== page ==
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Statistics have shown that 30% of runners are subject to injury every year.
In his 2009 best selling masterpiece “Born to Run”, Christopher McDougall passionately advocated barefoot running and he is not alone: recent studies have proven that running barefoot enhances stride and prevents injury, and above all it is far more enjoyable than running with shoes.
Still, some renowned doctors beg to differ and argue that it could stimulate more injury and have long-term damaging effects on the feet. Others believe that although running shoes do in protect the feet, they could substantially impact the ankles, hip, and the most problematic area of all: the knees!
So, where to go from there?! This article sheds some light on this controversial issue. Enjoy!
Barefoot Running Advocates Testimonials
“I thought ‘This rocks’ and stopped looking for my flat shoe…” as Michael Legault, a 50+ contractor, explains. Legault’s story with barefoot running is rather unusual. After getting a black toenail during a marathon, he took off his flatfoot running shoes 2 miles before the finish line and the rest is history!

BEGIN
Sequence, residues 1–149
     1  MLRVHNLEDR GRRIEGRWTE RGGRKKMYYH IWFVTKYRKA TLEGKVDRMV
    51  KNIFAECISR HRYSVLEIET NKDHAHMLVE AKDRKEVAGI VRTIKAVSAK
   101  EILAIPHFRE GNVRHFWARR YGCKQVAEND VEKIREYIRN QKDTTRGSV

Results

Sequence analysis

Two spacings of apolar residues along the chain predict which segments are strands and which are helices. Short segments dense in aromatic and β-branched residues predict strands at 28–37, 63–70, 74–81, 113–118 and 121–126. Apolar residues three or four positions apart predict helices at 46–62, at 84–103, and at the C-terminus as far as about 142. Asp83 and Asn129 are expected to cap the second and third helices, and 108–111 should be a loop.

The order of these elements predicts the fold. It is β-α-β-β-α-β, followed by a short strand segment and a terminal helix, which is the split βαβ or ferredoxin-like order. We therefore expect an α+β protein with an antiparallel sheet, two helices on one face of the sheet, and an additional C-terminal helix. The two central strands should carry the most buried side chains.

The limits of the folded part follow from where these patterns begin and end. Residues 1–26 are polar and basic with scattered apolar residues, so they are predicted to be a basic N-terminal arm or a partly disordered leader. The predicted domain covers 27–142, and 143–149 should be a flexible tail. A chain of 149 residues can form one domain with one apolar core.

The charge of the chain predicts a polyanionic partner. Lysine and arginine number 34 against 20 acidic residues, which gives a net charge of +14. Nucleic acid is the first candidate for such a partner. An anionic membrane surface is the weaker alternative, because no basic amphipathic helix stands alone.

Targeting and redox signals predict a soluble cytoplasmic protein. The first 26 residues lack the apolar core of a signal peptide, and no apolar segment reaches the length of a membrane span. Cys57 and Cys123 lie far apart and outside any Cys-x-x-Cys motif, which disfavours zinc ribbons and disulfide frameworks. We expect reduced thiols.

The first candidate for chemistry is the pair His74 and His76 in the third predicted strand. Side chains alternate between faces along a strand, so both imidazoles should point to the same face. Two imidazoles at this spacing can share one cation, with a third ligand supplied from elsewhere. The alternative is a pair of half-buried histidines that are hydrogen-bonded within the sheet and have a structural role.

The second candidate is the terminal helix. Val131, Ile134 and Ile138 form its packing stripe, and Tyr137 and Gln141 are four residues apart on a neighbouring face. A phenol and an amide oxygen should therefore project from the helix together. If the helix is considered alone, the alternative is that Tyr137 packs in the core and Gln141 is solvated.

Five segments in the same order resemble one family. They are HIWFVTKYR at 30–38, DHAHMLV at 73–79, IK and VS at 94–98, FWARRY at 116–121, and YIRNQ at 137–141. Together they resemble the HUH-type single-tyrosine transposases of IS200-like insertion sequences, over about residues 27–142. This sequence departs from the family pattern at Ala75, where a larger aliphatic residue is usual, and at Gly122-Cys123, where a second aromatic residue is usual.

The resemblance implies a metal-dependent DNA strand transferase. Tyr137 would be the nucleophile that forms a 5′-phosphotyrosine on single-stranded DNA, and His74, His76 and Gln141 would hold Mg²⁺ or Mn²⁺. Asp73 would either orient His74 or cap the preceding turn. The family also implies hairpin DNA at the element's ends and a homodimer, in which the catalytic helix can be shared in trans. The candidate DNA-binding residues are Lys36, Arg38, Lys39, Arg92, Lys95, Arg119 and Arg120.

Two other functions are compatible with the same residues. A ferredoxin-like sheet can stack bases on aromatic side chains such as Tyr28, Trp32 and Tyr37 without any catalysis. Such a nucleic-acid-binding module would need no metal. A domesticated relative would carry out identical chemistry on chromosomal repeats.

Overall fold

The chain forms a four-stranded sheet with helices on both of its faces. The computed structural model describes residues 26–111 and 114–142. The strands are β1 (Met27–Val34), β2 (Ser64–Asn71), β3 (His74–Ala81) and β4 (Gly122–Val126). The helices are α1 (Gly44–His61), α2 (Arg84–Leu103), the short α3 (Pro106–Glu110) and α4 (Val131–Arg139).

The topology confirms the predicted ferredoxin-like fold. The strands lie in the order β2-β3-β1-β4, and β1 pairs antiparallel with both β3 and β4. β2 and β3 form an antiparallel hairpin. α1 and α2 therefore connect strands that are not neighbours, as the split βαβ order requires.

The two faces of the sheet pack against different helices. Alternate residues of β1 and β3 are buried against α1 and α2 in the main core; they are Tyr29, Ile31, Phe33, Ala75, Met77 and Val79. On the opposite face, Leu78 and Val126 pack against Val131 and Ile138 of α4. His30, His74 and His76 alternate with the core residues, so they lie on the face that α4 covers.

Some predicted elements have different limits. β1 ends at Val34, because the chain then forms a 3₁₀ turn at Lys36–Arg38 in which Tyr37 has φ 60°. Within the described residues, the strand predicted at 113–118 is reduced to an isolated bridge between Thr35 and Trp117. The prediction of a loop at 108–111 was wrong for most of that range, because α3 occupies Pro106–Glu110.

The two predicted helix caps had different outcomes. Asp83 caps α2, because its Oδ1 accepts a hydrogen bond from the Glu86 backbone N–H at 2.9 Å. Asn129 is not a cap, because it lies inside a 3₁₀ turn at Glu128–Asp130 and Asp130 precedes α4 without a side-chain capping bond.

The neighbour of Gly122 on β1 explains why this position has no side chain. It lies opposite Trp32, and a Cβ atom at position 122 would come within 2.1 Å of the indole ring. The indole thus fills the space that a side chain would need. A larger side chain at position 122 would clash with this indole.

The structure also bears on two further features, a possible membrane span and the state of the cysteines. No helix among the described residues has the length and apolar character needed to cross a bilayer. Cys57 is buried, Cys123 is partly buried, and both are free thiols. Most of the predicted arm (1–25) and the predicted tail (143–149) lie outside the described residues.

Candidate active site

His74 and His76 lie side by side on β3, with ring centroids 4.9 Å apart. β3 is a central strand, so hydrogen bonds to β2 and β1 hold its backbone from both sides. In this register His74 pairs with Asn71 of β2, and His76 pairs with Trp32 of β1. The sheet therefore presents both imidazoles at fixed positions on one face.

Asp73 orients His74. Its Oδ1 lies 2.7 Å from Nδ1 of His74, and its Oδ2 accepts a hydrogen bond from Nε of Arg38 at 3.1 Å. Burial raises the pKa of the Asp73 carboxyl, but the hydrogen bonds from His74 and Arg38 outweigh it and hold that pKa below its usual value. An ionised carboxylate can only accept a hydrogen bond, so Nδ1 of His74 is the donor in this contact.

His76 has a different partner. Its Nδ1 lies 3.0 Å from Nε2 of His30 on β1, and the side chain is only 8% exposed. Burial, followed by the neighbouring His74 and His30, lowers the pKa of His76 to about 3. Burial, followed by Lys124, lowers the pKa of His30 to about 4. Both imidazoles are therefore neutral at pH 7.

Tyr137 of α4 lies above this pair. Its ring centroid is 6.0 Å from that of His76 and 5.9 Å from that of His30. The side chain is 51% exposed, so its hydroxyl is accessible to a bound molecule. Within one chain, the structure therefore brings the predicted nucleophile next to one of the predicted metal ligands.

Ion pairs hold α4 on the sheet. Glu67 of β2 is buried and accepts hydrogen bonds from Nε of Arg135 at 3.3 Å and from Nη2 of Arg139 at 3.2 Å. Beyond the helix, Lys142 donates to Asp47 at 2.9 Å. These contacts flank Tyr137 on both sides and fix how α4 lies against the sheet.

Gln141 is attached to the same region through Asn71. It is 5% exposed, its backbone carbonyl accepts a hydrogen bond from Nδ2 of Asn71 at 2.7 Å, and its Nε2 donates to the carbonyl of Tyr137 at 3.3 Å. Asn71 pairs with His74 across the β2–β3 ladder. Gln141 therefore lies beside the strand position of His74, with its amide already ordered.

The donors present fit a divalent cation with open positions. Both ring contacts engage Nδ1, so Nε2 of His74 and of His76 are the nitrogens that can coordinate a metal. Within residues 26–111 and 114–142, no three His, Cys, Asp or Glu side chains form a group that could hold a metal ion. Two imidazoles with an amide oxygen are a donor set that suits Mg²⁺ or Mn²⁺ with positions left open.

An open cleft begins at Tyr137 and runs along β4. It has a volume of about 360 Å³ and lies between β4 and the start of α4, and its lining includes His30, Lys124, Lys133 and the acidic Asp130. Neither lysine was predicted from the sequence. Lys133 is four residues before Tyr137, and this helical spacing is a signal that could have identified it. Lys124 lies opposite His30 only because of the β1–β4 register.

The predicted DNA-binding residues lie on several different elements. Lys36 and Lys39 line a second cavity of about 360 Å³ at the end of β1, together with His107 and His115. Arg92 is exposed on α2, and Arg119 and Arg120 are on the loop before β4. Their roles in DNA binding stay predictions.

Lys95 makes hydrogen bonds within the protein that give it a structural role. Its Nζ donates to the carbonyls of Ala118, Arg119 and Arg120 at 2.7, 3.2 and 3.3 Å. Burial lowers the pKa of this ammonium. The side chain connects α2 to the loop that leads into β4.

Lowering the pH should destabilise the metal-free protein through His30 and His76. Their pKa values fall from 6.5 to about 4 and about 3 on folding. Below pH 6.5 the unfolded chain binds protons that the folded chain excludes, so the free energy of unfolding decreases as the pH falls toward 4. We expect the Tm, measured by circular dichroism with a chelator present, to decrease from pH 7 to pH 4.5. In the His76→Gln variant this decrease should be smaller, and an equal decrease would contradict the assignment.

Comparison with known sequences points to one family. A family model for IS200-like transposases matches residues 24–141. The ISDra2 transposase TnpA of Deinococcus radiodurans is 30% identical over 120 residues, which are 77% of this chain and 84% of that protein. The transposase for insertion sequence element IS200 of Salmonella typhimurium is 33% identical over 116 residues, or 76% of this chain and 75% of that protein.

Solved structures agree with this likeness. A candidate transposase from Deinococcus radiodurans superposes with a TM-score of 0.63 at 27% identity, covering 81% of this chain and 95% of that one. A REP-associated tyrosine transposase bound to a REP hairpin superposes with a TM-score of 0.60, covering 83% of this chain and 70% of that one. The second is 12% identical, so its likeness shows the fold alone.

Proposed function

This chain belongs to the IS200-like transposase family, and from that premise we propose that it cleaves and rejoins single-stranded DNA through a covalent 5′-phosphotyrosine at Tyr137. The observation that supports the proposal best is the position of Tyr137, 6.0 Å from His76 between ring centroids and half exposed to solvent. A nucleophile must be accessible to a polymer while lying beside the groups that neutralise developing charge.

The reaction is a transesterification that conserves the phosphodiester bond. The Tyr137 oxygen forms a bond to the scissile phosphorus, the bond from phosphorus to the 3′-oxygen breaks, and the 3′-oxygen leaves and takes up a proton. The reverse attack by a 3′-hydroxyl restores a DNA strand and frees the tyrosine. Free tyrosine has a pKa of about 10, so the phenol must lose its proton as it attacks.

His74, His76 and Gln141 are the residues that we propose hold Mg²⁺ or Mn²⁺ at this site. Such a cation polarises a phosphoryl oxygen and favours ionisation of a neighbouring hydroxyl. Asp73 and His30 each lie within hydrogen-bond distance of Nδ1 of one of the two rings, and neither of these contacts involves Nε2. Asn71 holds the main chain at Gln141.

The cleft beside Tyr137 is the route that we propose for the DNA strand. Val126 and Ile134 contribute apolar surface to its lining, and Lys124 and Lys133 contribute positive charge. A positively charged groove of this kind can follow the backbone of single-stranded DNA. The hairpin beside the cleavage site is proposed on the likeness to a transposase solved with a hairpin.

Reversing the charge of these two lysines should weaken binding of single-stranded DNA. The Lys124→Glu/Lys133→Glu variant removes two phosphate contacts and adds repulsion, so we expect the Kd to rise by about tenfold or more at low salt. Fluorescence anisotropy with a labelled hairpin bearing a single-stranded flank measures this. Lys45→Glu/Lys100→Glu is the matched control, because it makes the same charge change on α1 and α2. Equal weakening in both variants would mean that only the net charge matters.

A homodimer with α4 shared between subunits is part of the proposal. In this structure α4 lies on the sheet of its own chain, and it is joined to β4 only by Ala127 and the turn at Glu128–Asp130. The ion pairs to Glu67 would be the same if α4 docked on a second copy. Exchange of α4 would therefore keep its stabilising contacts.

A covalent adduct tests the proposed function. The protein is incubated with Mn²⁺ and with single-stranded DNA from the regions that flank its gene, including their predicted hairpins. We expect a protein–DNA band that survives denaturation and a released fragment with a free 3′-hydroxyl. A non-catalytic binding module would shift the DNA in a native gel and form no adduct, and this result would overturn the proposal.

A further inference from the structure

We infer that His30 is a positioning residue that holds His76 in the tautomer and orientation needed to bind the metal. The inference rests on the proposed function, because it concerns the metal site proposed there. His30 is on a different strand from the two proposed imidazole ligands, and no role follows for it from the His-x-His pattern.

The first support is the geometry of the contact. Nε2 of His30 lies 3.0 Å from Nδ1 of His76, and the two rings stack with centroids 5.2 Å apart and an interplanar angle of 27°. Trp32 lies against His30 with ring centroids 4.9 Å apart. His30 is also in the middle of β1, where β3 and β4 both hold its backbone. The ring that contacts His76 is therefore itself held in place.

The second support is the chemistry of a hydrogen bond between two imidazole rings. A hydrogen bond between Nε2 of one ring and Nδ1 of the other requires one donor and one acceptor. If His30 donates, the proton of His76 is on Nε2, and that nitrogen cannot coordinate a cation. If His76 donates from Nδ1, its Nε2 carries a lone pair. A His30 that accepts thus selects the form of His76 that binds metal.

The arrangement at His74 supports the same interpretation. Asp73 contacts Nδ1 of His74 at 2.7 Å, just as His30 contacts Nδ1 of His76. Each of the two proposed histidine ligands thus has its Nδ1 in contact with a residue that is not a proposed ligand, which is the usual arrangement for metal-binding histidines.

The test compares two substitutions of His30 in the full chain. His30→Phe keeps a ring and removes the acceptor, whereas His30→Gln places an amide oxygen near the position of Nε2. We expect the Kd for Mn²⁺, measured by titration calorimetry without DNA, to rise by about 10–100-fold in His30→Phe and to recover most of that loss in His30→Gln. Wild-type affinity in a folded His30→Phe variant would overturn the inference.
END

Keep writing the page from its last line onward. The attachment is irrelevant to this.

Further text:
As for Efrem Rensi, barefoot running was his cure from chronic Achilles tendon problems after he tried every imaginable alternative: “I bought a motion-control shoe and walked around, but things really didn’t get any better,” Rensi attests.
Ken Bob, a passionate barefoot runner, ‘s website was the answer to Rensi’s prayers. As shocked and astounded by this “weird hippie” look, Rensi decided to give it a shout and the results were staggering! His Achilles tendon problem became much less intense and he managed to complete Oakland Running Festival, which a 26.2-mile marathon, barefoot in just 3 hours and 33 minutes!
He considers wearing cushioned running shoes a “fad” practice!
For Ted McDonald says, who was featured in McDougall’s “Born to Run,” barefoot running was the only solution he could find for a very common problem: unbearable lower back pain. You name it, he tried it as far as traditional solutions goes. He kept exchanging one running shoe after the other but all was in vain until he decided to set his feet free.